Directed student internship related to public service in non-profits and community organizations, or state and local government. The student will be placed in a supervised position commensurate with their abilities as determined and approved by faculty in the department. Internships should be designed to compliment a student's research interest and be directed toward a future project or desired field of employment.

POLS 5561 Nonprofit Management: 3 semester hours.

This course is designed to provide a theoretical and practical understanding of the nonprofit sector, an introduction to skills essential for effectively managing nonprofit organizations, and exposure to contemporary issues and strategic opportunities. Specific, evaluated graduate-level activities and/or performances are identified in the course syllabus. Specific, evaluated graduate-level activities and/or performances are identified in the course syllabus.

POLS 5562 International Sustainable Development: 3 semester hours.

Introduction to the sustainable development literature and practices around the world. Upon completion, students should be familiar with the key debates within the broader sustainable development community and projects that translate ideas into actionable items. Specific, evaluated graduate-level activities and/or performances are identified in the course syllabus.

POLS 5563 Public-Private Partnerships: 3 semester hours.

Introduction to the public administration literature covering various modes on how the public sector partners with the private sector to delivery public services and fulfill public objectives. Specific, evaluated graduate-level activities and/or performances are identified in the course syllabus.

POLS 5564 Disaster Policy and Administration: 3 semester hours.

This course is an introduction to the policies and practices of disaster management. The purpose of this course is to introduce students to the policy and management issues that arise when dealing with disasters. It includes a brief history of U.S. emergency management, an overview of current disaster policies, an understanding of disasters based on the phases of the disaster cycle, an analysis of the governmental and nonprofit actors involved in disaster management, and the politics surrounding disasters. Specific, evaluated graduate-level activities and/or performances are identified in the course syllabus.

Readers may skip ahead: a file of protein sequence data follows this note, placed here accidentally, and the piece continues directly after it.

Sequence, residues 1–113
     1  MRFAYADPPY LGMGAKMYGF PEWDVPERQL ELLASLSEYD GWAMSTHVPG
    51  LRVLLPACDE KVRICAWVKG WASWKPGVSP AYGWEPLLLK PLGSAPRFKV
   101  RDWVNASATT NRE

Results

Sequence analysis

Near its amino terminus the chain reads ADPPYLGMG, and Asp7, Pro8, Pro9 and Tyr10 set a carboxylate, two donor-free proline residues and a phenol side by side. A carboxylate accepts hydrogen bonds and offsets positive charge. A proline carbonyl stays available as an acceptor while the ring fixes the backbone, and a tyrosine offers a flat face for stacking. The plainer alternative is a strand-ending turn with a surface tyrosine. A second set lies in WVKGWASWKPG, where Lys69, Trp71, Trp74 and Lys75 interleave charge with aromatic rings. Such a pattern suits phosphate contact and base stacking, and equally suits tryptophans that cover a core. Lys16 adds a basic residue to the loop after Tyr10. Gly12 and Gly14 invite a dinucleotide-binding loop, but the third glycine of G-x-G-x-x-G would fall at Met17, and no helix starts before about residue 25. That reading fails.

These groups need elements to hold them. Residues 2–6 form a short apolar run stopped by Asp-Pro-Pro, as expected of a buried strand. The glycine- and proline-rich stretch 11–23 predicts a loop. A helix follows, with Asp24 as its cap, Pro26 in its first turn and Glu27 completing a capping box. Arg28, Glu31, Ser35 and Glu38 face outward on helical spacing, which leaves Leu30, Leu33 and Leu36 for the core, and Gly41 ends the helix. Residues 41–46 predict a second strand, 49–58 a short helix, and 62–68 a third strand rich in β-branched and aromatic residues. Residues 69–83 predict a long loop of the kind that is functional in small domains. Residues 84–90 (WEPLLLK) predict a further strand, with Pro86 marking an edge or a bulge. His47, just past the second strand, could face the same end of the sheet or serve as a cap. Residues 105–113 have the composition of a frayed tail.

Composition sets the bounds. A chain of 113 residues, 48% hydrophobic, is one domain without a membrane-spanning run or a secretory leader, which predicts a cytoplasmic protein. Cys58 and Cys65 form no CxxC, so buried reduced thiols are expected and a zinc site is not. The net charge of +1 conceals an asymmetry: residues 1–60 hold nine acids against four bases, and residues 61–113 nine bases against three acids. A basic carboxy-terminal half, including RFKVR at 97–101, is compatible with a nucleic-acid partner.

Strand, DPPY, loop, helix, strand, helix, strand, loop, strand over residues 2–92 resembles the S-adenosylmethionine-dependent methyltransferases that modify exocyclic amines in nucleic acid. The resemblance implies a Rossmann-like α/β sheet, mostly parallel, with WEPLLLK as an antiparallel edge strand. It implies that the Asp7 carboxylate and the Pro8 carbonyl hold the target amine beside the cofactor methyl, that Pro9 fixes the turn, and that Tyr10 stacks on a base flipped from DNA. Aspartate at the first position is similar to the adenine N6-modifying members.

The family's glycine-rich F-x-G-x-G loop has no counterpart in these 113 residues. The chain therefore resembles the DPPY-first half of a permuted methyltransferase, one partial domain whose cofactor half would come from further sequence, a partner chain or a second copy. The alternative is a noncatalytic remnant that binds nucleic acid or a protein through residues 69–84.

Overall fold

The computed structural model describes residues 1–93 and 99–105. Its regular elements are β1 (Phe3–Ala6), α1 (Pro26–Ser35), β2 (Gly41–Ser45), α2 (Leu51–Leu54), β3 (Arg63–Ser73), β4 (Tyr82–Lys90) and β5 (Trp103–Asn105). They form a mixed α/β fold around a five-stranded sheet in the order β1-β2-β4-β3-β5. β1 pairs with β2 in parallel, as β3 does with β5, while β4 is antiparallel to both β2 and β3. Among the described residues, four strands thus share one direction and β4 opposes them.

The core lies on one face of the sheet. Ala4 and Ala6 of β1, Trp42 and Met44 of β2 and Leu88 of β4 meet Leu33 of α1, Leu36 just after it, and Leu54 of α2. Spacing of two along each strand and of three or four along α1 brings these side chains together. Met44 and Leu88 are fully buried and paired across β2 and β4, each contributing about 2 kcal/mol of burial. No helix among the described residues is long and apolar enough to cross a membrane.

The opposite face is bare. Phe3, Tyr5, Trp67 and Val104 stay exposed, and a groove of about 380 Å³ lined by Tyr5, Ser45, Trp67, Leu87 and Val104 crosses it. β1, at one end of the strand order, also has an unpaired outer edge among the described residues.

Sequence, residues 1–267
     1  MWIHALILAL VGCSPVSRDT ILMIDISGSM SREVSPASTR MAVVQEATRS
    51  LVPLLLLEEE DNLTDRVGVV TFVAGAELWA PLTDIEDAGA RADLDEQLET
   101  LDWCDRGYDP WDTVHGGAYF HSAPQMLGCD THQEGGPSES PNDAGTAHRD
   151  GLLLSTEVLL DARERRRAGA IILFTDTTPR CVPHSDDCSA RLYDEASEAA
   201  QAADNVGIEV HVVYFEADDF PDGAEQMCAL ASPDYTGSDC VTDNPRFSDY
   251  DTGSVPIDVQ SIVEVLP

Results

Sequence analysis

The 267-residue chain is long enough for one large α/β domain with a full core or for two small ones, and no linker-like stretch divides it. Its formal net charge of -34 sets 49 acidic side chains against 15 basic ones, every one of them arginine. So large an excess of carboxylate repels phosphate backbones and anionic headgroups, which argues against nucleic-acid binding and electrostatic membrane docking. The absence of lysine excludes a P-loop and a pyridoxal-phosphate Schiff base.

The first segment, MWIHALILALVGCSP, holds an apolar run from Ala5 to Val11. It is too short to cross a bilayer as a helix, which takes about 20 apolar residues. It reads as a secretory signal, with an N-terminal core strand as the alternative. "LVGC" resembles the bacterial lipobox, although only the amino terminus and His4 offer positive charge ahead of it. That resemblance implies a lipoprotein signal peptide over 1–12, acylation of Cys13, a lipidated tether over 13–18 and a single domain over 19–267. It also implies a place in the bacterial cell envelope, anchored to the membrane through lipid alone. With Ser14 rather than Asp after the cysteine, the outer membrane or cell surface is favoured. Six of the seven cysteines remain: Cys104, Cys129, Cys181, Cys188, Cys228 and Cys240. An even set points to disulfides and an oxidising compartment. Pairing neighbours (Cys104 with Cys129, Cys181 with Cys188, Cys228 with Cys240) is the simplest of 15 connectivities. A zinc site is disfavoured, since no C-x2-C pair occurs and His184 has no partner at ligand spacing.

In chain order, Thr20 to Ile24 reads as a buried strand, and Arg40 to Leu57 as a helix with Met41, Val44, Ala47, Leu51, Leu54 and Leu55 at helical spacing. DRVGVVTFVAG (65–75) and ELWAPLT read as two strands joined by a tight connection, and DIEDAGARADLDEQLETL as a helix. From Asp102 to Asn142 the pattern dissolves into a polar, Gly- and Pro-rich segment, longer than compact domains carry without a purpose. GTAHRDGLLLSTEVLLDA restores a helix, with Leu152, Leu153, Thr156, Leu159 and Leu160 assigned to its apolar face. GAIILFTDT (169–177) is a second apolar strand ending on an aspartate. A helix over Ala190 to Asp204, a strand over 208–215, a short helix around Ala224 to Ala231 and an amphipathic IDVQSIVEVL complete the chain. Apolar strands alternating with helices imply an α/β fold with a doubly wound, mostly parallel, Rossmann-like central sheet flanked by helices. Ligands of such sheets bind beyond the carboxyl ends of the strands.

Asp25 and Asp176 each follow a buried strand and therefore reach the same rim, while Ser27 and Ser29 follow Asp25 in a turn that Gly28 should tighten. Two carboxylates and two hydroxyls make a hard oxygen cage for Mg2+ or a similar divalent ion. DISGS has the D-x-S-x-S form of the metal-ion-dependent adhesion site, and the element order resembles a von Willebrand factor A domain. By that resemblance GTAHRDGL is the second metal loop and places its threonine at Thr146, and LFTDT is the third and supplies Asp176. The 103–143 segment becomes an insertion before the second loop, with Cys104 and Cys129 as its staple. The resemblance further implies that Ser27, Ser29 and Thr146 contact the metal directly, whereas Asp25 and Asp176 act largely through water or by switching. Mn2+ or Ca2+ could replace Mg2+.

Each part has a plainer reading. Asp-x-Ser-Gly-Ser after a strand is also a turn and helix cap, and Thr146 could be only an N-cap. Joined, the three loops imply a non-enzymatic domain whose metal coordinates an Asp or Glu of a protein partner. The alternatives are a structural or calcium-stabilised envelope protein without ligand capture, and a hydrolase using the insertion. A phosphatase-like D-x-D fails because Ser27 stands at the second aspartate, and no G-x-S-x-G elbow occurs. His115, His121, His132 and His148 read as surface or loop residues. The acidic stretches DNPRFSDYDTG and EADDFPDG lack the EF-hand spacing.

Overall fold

POLS 5565 US Political History: 3 semester hours.

Study of the political history of the United States involving a discussion of theories of popular voting behavior, critical elections, and political party systems. Equivalent to HIST 5565.

POLS 5566 Public Lands Policy: 3 semester hours.

Analysis of the historical and contemporary use and disposition of the federal public lands. The agencies that manage the public lands, major laws, and regulations and the political conflict that surrounds their use and conservation.

POLS 5567 State and Local Administration: 3 semester hours.

Seminar in the practice and principles of state, municipal, and sub-state management. Emphasis is given to the evolution of interaction between different branches of sub-national government.

POLS 5571 Historical Geography of Idaho: 3 semester hours.

Influences of geography and geology on Idaho's economic, political and cultural history. May be team taught, and includes field trips, discussion sections. Equivalent to HIST 5571 and GEOL 5571.

POLS 5578 Federal Indian Law: 3 semester hours.

Examination of tribal governments; their relationship with the federal government; sovereignty, jurisdictional conflicts over land and resources; and economic development. Equivalent to ANTH 5578.

POLS 5579 Tribal Government: 3 semester hours.

Complex legal position of Indian tribes as self governing entities; principles of inherent powers; governmental organization, lawmaking, justice, relation to state and federal government. Equivalent to ANTH 5579.

POLS 5591 Seminar: 1-3 semester hours.

Research, reading, discussion, and the preparation of reports on selected topics. Ordinarily for seniors majoring in political science and having the instructor's consent. Each course may be repeated for a total of 6 credits.

POLS 5592 Seminar: 1-3 semester hours.

Research, reading, discussion, and the preparation of reports on selected topics. Ordinarily for seniors majoring in political science and having the instructor's consent. Each course may be repeated for a total of 6 credits.

POLS 5598P Prof Development Workshop: 3 semester hours.

New methods and opportunities to enhance and supplement skills. Subject to the approval of the Dean of the student's college, a maximum of eight credits earned in workshops may be applied toward a degree; students taking the courses only for personal development may choose the 0-credit option; those seeking professional development must choose a for-credit option.

POLS 5599 Experimental Topics: 1-6 semester hours.

The content of this course is not described in the catalog. Title and number of credits are announced in the Class Schedule. Experimental courses may be offered no more than three times with the same title and content. May be repeated.

POLS 6606 Environmental Law and Regulation: 3 semester hours.